Father and son seemed to be enjoying the attention, as they finished each other's sentences and seemed to speak almost as one voice during a conversation with Reuters.
Anand said he has been a defence lawyer in both criminal and civil cases for nearly three decades, and together with his son also ran a charity that offers free 24-hour legal advice.
They said they would base their defence on lapses in the police investigation, and discrepancies in witness statements.
"From the investigation stage, the accused are entitled to legal aid," Anand senior said. "The court is under obligation to provide legal aid counsel in case they have not engaged any lawyer.
"This is where they went wrong, no legal aid was assigned to those people themselves," he said.
Sharma, the wiry lawyer for Mukesh Singh, the main accused's brother, said he had to virtually plead with the pre-trial court to allow him to speak to his client when he was brought before the court.
He was jostled, somebody shouted out he was a lawyer desperately seeking attention and that he should be thrown out of the room. But he said he was not going to give up, because his fight was not just about defending the accused, but also to expose the police and the criminal justice system.
"We all know how the police investigation system works in India. They will pick anyone from the street and make him the sacrificial lamb," the 56-year-old lawyer said in a conversation in the gardens of India's Supreme Court where he is a frequent litigant on public matters.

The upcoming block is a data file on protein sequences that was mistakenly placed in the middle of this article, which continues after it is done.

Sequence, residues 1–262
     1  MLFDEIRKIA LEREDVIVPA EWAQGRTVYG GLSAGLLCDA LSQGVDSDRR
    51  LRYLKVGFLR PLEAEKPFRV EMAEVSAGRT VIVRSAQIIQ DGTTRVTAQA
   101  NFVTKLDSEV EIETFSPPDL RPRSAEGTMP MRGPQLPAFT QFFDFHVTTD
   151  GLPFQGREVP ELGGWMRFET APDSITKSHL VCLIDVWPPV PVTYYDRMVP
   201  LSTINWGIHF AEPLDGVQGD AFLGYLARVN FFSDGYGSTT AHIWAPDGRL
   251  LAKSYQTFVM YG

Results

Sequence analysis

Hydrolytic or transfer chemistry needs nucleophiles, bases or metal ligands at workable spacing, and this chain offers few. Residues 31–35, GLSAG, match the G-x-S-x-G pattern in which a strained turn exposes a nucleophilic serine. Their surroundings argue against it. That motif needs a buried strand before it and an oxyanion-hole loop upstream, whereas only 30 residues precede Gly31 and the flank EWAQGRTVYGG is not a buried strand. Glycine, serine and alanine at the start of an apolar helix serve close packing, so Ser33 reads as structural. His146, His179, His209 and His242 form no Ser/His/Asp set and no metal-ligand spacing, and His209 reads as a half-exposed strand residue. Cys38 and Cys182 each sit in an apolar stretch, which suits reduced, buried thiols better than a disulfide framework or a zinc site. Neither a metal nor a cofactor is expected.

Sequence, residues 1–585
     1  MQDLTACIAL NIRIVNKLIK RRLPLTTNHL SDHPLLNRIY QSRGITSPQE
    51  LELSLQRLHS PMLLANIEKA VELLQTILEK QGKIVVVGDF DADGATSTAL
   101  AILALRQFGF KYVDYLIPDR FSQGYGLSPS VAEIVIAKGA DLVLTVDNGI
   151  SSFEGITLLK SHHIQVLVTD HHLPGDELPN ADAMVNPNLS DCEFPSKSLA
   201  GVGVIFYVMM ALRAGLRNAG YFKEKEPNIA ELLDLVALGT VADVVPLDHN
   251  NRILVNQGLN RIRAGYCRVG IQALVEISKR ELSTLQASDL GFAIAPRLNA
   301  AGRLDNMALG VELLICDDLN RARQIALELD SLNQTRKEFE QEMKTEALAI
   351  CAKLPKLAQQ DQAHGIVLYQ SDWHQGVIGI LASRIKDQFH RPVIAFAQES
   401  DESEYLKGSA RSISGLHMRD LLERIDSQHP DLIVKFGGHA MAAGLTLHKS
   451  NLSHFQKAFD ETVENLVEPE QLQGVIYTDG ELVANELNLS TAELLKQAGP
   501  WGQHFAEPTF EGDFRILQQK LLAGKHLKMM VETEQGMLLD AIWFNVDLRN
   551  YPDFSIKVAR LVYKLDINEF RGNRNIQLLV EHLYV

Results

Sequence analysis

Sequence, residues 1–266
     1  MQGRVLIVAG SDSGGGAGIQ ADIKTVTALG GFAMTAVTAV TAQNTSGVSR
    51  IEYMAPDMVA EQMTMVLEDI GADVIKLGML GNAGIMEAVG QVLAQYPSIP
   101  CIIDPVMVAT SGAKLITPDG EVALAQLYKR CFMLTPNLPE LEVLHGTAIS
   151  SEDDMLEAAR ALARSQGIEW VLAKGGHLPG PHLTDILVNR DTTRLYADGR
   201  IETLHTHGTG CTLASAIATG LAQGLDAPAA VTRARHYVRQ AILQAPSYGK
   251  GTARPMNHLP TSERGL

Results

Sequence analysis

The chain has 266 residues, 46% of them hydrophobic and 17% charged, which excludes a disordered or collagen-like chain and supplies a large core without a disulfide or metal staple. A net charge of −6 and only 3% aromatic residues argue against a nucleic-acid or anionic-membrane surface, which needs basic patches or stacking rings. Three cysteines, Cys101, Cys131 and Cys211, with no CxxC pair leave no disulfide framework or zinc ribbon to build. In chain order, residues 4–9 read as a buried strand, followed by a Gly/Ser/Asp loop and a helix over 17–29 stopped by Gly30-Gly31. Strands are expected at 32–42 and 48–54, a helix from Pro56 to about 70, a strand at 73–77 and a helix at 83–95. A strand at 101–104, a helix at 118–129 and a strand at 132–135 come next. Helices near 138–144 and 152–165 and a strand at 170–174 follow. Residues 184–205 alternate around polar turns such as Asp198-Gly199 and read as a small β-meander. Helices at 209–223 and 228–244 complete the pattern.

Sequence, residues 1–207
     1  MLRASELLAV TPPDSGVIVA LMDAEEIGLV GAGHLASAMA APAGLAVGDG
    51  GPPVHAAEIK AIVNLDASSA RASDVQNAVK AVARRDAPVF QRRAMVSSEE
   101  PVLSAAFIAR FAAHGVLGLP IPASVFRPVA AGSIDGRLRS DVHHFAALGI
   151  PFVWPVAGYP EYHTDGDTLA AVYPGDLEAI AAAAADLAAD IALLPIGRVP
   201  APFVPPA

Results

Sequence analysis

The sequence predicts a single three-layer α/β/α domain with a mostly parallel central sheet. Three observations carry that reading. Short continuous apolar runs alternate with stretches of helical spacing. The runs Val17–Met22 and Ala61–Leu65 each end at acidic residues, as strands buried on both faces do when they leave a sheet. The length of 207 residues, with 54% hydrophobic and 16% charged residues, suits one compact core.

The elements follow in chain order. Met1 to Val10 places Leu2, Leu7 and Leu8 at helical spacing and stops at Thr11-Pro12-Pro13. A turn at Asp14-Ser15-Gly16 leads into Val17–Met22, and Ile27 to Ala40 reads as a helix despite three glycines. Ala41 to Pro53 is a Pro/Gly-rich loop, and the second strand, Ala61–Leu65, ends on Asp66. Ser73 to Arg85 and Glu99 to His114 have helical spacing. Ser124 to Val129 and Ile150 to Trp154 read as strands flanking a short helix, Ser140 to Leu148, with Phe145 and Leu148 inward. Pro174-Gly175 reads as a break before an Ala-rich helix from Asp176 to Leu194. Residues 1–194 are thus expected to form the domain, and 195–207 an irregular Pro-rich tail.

He said the police case was built on confessions from the men and that he found it strange that the statements of each of the five men given in the chargesheet were identical. "They are ditto the same. It's like somebody is dictating it."
He then charged that his client Mukesh told him he'd been sexually assaulted by inmates at Tihar jail since he was brought there from police custody, including with a rod.
Police have denied the allegation.
Sharma has had a history of taking on the higher judiciary. Among the cases he has argued is a public interest litigation inquiring into the assets of a former Supreme Court chief justice and another against a sitting chief justice of the top court, both of which were thrown out.
Not only was his case against the chief justice S.H.J. Kapadia arguing that there was a conflict of interest in a high-profile tax dispute involving Britain-based Vodaphone Group (VOD.L) rejected, he was fined 50,000 rupees for wasting the time of the court.
A Supreme Court lawyer working on behalf of the government said Sharma was "notorious" for being an excessive litigant. Under Indian law any citizen can file a public interest litigation and the latest Sharma is fighting is one against a government decision to allow foreign direct investment in retail.
"My fight is against corruption whether in government or judiciary," said Sharma. "I can see the same thing happening in this case. There is public pressure, the politicians are pressing the police. The evidence will not be evaluated, innocent people will be fixed."
Lawyer A.P. Singh, who will argue the case for Vinay Sharma, a gym assistant, and Akshay Thakur, a bus cleaner, recalled that when he went to prison to meet his client, the accused begged him to save him.
"He caught hold of my feet. He started crying," Singh said.
Additional reporting by Suchitra Mohanty; Editing by Jeremy Laurence